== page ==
One thing that I think helps matters considerably in my case is that I am playing through piezo pickups (via a Godin LGX-SA) rather than the magnetic ones in the GK-2A.  While I still get occasional squawks, these seem to be less frequent than the problems I had using the GK-2A.  I suspect part of the problem is that the pickup is supposed to be placed against the bridge.  This actually makes it harder to analyze the frequency (since this is where there is the least "sweep" of the string) and where there are the greatest harmonics (if you play heavy metal, you already know this).  By contrast, the piezo pickups "feel" the string, so they're much more accurate at telling the unit which note(s) you're hitting.

Comparison to the GR-30
I had previously owned a Roland GR-30 and had very mixed feelings about it as well, to say the least.  When I say "mixed," I mean that I loved some things about it and absolutely hated others.  Pretty quickly, the negative outweighed the positive, and I returned it after a few weeks.  Fortunately, the GR-33 was a significant improvement over the earlier model.  At least 90% of the improvements were just in updating the user interface.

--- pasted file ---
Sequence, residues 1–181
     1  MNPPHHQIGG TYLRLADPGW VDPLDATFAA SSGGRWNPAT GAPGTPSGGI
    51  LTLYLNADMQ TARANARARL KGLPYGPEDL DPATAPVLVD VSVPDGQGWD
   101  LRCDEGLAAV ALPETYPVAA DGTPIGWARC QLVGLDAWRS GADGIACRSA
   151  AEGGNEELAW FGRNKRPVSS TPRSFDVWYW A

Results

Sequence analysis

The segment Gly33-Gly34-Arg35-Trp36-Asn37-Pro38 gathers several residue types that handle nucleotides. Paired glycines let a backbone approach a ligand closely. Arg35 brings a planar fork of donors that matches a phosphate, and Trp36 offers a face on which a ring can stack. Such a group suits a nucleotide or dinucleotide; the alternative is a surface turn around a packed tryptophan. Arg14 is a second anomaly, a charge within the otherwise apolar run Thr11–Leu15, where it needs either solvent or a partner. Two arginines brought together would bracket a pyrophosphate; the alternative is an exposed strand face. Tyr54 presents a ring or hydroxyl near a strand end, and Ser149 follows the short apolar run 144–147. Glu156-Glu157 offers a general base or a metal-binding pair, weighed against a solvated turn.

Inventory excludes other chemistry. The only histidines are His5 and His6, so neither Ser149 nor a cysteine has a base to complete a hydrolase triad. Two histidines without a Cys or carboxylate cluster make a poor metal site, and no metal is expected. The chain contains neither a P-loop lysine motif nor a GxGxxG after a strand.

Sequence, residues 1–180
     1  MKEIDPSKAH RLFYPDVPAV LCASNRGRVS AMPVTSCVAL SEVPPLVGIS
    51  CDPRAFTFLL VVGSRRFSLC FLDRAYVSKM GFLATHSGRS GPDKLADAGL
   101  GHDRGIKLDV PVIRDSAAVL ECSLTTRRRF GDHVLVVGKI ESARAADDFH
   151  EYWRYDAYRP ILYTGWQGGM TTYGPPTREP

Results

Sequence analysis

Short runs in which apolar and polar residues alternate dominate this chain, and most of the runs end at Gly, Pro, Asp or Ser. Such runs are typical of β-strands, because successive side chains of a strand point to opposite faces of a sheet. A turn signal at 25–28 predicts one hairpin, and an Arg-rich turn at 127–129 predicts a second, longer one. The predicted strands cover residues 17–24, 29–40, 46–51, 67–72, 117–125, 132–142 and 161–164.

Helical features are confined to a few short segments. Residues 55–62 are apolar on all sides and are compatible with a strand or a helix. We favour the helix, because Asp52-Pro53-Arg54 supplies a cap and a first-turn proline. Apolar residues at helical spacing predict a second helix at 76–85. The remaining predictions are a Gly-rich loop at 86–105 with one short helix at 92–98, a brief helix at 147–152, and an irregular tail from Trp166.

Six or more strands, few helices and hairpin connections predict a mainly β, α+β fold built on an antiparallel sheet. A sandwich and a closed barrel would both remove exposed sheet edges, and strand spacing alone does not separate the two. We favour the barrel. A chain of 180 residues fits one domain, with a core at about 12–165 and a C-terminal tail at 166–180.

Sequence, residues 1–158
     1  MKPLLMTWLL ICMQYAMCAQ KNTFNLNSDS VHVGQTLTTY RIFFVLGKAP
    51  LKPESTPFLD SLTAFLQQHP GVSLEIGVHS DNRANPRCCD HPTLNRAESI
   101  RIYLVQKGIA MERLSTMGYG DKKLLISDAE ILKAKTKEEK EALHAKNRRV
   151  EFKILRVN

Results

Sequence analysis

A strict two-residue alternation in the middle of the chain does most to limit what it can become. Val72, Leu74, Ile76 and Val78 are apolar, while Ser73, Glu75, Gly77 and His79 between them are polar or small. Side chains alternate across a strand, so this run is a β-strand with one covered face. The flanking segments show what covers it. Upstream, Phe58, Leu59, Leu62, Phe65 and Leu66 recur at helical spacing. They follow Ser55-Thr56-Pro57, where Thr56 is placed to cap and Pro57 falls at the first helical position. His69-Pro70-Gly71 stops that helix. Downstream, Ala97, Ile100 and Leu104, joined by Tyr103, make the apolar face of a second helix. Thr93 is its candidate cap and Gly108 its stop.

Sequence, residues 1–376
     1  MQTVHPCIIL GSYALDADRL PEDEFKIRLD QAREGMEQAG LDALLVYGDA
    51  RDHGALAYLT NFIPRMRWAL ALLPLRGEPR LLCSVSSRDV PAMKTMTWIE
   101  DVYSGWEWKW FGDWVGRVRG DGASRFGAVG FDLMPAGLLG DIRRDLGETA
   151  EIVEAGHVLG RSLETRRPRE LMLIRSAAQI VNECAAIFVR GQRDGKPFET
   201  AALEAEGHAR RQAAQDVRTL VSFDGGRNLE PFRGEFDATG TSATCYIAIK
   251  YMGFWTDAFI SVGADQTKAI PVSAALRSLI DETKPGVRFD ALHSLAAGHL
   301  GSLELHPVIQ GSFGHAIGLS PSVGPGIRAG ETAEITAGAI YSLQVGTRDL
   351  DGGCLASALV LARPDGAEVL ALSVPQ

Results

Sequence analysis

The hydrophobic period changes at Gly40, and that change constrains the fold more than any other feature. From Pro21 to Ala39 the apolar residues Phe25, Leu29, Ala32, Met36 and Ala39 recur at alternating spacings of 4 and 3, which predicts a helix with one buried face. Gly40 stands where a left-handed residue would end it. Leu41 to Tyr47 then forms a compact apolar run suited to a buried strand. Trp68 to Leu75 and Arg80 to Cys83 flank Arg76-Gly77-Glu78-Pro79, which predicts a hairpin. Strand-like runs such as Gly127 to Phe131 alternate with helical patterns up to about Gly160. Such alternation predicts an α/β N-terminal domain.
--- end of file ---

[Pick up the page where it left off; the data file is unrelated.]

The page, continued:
For those considering a cheaper GR-30 still floating around on eBay, here's my advice: Don't.  That unit has all the problems outlined above, plus a useless interface.  It is almost impossible to edit the GR-30 or to understand even what you were doing.  By that, I don't mean that this was brain surgery, just that there was no feedback.  The unit consisted of a couple of dials and an LED display simpler than your alarm clock.